.NET Performance Blog

April 6, 2006

Database Access Layer

Filed under: XLib Framework — Eric P @ 3:21 pm

Using XLib framework I would like to build web applications consisting of the following Tiers:

Database Access

Business Logic

Presentation

In this post I will talk about Database Access layer of XLib. There are a couple of things that I tried to accomplish:

  1. Automatically convert Database values into INullable datatypes. Handle DBNull.
  2. Hide complexities of DataSet, DataAdapter, etc…
  3. Build queries using OOP

Dilemmas I had to face:

1. Should I use Typed DataSet for Data Access?

I have tried the new DAL generation tools in VS 2005. It is very quick to generate a DAL over one database table. It also automatically converts DB data types into INullables. But there were a couple of issues that I could not figure out how to do:

  • The <<Item>>Row object (ex. CustomerRow) doesn't use Nullable types for properties. So how do I set CustomerRow.Age to null? Before I would use a NIL constant (like -1), but with INullables I would rather not use that. The weird part is that .Insert() and .Update() methods of CustomerTableAdapter take INullable types.
  • Generator creates 3 classes: Customer, CustomerRow & CustomerTableAdapter. It makes it a little more complex than it needs to be.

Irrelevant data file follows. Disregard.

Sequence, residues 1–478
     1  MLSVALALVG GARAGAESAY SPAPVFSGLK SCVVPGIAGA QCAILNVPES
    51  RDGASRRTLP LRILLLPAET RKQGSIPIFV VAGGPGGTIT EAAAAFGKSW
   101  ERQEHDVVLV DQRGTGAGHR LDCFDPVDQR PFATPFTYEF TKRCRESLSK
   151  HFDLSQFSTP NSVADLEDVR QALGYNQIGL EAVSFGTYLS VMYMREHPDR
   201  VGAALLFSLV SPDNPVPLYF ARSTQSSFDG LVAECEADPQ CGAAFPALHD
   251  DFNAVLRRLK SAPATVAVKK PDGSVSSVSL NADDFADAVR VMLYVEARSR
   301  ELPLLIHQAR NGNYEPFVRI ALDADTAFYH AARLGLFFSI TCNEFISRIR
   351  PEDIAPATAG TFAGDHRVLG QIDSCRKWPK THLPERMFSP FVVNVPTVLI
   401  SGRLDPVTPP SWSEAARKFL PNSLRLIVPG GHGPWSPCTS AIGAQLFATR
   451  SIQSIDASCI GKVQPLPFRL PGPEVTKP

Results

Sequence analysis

• If I want to load some lookup values (for example CustomerType Lookup name) and use inner join in query to generate typed DataSet — the generator would not automatically create UPDATE, INSERT, DELETE. It only works if data is loaded from one table. I could always add GetCustomerTypeName() method to Customer partial class, but I would like to be able to load all info using one query.

For now I will fore-go TypedDataSet, but it is a lot better then in .NET version 1.1.

2. Should I use ANSI convention or SQL-86 (tables are separated from joins) for query building.

I have been using SQL-86 for most of my query writing and used ANSI whenever OUTER JOINS would get too complex. At this point I would like to start using ANSI for most of the new queires. One reason is Microsoft seems to be trying to phase SQL-86 out. The other is that queries are a little cleaner in ANSI format.

For now, I have decided to support both formats .

3. For transaction handling should I use TransactionScope?

This one I researched for a while. The implementation is very straight forward. The main thing I looked at was Nested transactions. The only issue is – possible overhead of using distributed transactions. For example:

void Foo1()

{

using {TransactionScope ts1=new TransactionScope();}

{

using (SqlConnection cn1=new SqlConnection)

{

cn1.Open();
//Do some functionality
foo2();

}

ts1.Complete();

}

}

void Foo2()

{

using {TransactionScope ts2=new TransactionScope();}

{

using (SqlConnection cn2=new SqlConnection)

{

cn2.Open();
//Do some functionality

}

ts2.Complete();

}

}

Does it create a distributed transaction with ts1 and ts2? How much overhead is there? Would it be more efficient if I re-use open transaction and open connection instead of just re-creating them? I will need to run some tests.